Amendment 4 Implementing Bills Progressing Through Florida Legislature
Controversial legislation seeking to clarify how Amendment 4 is carried out continues to move through the Florida House and Senate. The Republican-backed bills are progressing over the objections of those who argue they are not necessary.
The two versions, HB-7089 and SB-7086, each passed their respective Judiciary Committees this week, with split votes along party lines.
Amendment 4, passed by voters in November, clears the way for those convicted of felonies, other than felony sexual offense or murder, to have their voting rights automatically restored upon completion of their sentences. Champions of the initiative have called for implementation - without legislation.
“I think to call this language self-executing is, um, misguided, at best,” said Rep. James Grant, who sponsored the House bill. The Republican from Tampa chairs of the Criminal Justice Subcommittee.
As the debate continues, one of the main sticking points is what constitutes “completion of sentence,” and whether it goes beyond incarceration, probation and parole to include all criminal financial obligations, such as fines, fees, and restitution, even after converted to a civil matter.
For Grant, the answer is yes, with limited exceptions - or waivers.
“The term of the sentence still originated in the terms of the sentence, so this has nothing to do with civil administration,” Grant said.
“What it does have to do with is the court terminating a sentence, even if the terms were incomplete, a victim under restitution waiving payment, or the Department of Corrections using 948.09 in the [indigence] standards when it comes to fees; all of that is captured by the waiver.”
That means few ways to eliminate criminal debt as a hurdle to completion of sentence. In an amendment to his bill, Grant offered a waiver for other financial expenses accrued outside the actual sentence.
It covers thing like interest, surcharges, collection charges, and any fees that can add up when an inmate is in prison.
“We think this amendment is a step in the right direction,” said Neil Volz, political director for the Florida Rights Restoration Coalition, which helped sponsor Amendment 4. “And while we fundamentally disagree with the need for legislation, we do want to mention that there is the piece about clarification for post-sentence costs.”
Volz thanked Rep. Grant for fulfilling his pledge to add that particular waiver, but added, “We’re not there yet. We disagree with the notion that administrative costs and court costs should be part of the sentence, because of its impact on people who are trying to exercise these rights; this expansion that 65% of the voters supported.”
Bob Radcliff from the Big Bend Voting Rights Project also opposed the legislation.
“We especially object to the list of financial obligations in this bill that would permanently bar from voting anyone without the ability to pay because they can’t afford to,” said Radcliff. “In the real world, too many of our neighbors don’t earn the money to support their families properly, let alone to comply with this bill. And, with the inclusion in this bill of civil liens, they will never be able to pay.”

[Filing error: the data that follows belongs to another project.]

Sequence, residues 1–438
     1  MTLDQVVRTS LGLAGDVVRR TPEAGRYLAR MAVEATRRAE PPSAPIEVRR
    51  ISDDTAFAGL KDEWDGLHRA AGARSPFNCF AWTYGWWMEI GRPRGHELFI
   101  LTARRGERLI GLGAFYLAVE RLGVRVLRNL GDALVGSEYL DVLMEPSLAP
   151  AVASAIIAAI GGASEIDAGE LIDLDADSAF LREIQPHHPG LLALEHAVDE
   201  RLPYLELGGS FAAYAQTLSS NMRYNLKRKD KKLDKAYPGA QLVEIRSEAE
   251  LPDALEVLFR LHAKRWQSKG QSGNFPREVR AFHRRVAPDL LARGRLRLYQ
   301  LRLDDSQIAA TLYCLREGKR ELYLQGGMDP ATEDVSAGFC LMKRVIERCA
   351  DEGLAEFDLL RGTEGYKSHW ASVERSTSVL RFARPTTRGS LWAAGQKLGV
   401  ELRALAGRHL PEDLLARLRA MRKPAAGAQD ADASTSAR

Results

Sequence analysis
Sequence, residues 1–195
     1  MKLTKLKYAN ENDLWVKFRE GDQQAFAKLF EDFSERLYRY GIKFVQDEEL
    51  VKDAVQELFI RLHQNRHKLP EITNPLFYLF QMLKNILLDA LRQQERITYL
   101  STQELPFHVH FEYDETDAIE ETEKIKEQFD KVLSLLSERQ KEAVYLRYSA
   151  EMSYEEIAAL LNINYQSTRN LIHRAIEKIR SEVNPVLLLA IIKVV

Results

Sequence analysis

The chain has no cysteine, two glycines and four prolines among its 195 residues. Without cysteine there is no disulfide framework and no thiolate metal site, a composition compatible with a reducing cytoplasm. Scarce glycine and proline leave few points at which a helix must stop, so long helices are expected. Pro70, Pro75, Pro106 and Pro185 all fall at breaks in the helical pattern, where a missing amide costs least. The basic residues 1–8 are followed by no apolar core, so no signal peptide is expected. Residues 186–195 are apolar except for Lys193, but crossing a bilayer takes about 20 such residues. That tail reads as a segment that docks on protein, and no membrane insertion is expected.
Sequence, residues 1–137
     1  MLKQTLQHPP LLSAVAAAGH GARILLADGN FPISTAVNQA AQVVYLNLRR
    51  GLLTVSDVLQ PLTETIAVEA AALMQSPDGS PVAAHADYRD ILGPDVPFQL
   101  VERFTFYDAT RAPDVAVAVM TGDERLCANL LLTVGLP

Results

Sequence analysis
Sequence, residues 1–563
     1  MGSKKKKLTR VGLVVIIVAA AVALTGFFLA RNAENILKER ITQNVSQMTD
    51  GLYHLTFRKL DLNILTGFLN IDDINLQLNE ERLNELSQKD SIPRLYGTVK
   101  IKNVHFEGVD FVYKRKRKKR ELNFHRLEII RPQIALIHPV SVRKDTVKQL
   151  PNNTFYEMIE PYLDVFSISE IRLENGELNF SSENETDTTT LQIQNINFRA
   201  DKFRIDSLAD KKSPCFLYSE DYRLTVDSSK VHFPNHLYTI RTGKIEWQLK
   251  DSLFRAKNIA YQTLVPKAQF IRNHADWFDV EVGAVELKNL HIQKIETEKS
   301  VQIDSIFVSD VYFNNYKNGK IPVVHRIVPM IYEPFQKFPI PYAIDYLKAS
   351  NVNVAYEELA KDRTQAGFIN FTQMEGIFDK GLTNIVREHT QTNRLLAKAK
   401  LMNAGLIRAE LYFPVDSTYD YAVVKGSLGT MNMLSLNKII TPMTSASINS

Much of the debate from bill opponents in the House centered on how to take the issue of civil liabilities out of the equation, where waivers don’t apply, while still allowing for repayment.
Rep. Joseph Geller, a Democrat from Miami-Dade, is also concerned about and argued for a greater role for the courts in determining sentence completion, rather than leave that verification to the Secretary of State, as provided by the legislation.
“It’s one thing for them to investigate and refer to (election) supervisors; determining where judges stand, and judges should make these decisions, we need a traffic cop,” said Geller, arguing in favor of clerks of court to work with the judges, who should be making those determinations.
Legislation in both bills establish definitions for amendment language such as “completion of all terms of sentence,” as well as terms such “murder,” and “felony sexual offense.”
“Attempted murder” was struck from the Senate version. In the amended House version, a “felony sexual offense” additionally includes sexual misconduct by a psychotherapist with a client, kidnapping a minor with sexual intent or motive, and a second or subsequent offense involving the criminal transmission of HIV.
Republican Rep. Mike Hill of Pensacola, a member of the House Judiciary Committee, applauded the inclusion of what he called the “horrific” crime of female genital mutilation, but added little else to the discussion.
Prior to the meeting, Hill weighed in on the issue of restitution, with a unique perspective as a victim.
“I had money that was stolen from me years ago, and the person is providing restitution checks to me, as we speak,” said Hill. “They come in periodically, but the thing is until he has paid back what he’s stolen then he hasn’t properly completed his sentence and that’s what the House bill does.”
Hill supports the measure.
Although, he’s sympathetic to those returning citizens who may remain excluded from the electorate, when all is said and done, like bill sponsors, he argues the legislation is simply following the language of the amendment.
“I don’t think most people knew that when they were voting for it that it also included restitution of fees and fines that had to be paid for; I don’t think that they recognized that. And, I think if they had, then the outcome may have been different.”
The House measure is now headed for a full vote on the House floor. The Senate plan still has to go before the Rules committee. The 2019 Florida Legislative Session is scheduled to end on May 3.